Iran to Saudi Arabia: You Don’t Deserve to Organize the Hajj
Iran is blaming Saudi Arabia for Thursday's stampede at Mecca. But will their rhetoric change how it's organized next year?
Carrying black banners and chanting “death to the al Saud family,” thousands of Iranians took to the streets of Tehran after Friday prayers this week to protest the Saudi “mismanagement” they claim led to Thursday’s deadly stampede just outside of Mecca. The incident killed more than 700 people — including at least 131 Iranians — and took place during one of the final rites of the annual pilgrimage, or hajj.
And now Iranian officials and lawmakers are calling on Saudi Arabia to explain how the tragedy took place, or give up their rights to organizing the yearly event, which brings more than two million Muslims to Mecca — Islam’s holiest city — each year.
“It’s not the first time that the Saudi government has shown its incompetence during the hajj,” Alaeddin Boroujerdi, a member of Iran’s parliamentary committee on national security, said after the stampede. “Two tragic incidents have taken place in a short time, the Saudi government is not capable of managing hajj pilgrimage.”
The Saudi government took extensive precautions to avoid disasters during the yearly pilgrimage, including installing water stations to avoid mass dehydration and expanding mosques to control crowds. But even the preparations themselves turned deadly earlier this month when Iranians were among the more than 100 killed when a construction crane fell and crushed a crowd gathered for Friday prayers at Mecca’s Grand Mosque.
This year, more than 100,000 police and other security officers, as well as 25,000 medical professionals, were deployed to avoid this type of incident.
Suzanne Maloney, a senior fellow at the Brookings’ Center for Middle East Policy, said that although the Iranian government has a right to be angered by their civilian deaths, the Shiite powerhouse may also see the incident as an opportunity bash their regional rival, Sunni Saudi Arabia.
The two countries are on opposite sides of the Yemeni civil war, where Saudi airstrikes are targeting Iranian-backed Houthi rebels. At the same time, Maloney acknowledged that “Iranians are keenly aware that access to the pilgrimage is ultimately controlled by the Saudis and escalation over this particular incident might not be worth” exacerbating tension between the two countries.
But as Saudi King Salman announced an official investigation into what caused the deaths, at least one senior Iranian cleric called on Saudi Arabia to hand over the responsibility of organizing the yearly pilgrimage to the Organization of Islamic Cooperation, an international body they claim would be better suited to address the causes of deadly disasters in recent years.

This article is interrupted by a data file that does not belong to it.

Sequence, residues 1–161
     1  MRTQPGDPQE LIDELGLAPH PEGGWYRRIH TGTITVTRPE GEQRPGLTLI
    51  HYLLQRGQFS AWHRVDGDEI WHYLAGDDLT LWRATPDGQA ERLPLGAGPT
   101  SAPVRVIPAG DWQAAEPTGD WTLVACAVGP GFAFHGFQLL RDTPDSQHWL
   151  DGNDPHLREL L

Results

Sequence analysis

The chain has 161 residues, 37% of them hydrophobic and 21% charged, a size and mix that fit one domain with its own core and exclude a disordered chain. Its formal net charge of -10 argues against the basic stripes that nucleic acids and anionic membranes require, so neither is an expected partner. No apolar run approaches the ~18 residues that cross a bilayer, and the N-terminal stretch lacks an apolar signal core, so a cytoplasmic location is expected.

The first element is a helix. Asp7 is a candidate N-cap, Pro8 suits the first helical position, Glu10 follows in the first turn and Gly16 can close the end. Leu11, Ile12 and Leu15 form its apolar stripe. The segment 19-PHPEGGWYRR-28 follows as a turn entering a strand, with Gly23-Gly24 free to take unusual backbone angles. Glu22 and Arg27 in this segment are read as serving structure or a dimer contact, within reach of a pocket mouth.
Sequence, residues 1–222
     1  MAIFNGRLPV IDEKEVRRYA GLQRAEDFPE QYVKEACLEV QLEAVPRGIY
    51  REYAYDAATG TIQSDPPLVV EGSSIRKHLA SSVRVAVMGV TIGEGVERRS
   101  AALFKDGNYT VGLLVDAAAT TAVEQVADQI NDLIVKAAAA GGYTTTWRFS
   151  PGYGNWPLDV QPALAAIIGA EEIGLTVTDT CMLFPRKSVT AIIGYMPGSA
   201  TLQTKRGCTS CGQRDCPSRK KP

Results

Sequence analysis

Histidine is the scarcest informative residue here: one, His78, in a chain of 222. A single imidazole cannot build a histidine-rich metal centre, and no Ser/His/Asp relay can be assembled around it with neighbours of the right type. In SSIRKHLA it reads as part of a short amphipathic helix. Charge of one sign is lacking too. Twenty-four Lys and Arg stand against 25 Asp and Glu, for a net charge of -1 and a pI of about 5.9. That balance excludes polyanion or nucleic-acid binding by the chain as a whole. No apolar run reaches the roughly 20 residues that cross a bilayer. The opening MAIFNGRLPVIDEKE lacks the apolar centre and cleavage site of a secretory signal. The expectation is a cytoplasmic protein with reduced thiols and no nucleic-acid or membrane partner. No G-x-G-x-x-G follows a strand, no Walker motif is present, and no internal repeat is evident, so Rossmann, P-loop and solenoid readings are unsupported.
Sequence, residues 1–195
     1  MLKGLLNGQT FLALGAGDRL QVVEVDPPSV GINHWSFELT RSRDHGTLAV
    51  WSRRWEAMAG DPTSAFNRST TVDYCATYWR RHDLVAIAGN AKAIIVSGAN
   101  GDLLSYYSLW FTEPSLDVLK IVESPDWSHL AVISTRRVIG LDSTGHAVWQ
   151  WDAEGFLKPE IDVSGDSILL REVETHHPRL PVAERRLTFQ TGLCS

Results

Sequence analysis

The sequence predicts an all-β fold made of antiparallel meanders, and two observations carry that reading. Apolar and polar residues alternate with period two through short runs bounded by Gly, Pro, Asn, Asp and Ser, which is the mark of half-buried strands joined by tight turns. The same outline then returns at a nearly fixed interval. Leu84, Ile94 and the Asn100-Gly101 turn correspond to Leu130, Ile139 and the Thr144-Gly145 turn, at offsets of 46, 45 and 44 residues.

The chances of that happening? According to Maloney, just about zero.
“It’s central to their legitimacy as a ruling system,” she told Foreign Policy. “The sovereign expectations of a government that is both religious in its nature and controls the territory of the holy sites would make it impossible to really imagine any alternative mechanism for managing this kind of massive undertaking every year.”
But that doesn’t mean Iran won’t try. Even before the 1979 revolution, Iranian pilgrims were encouraged by their government to use the hajj as an opportunity to push back “against monarchical systems like the Saudi royal family,” Maloney said. Iran’s response to this particular incident, she added, has actually been “more temperate” than might have been expected considering their rhetoric after past incidents at the hajj. When hundreds were killed in the 1980s, for instance, “it led to real strains between the two countries,” she said.
Other criticism Thursday and Friday was less politically motivated. Some Iranian officials were more concerned about reports their medical forces were barred from accessing injured civilians, and African leaders took issue with Saudi Prince Khaled al-Faisal’s initial claim that the stampede was caused by “some pilgrims from African nationalities.”
At least 30 pilgrims from Mali and five from Senegal were reported dead, but on Friday, Muhammadu Sanusi II, emir of Kano State in Nigeria’s majority Muslim north and head of Nigeria’s hajj delegation, said the stampede was avoidable and Africans were not at fault.
“We are therefore urging the Saudi authorities not to apportion blame to the pilgrims for not obeying instructions,” he told the BBC.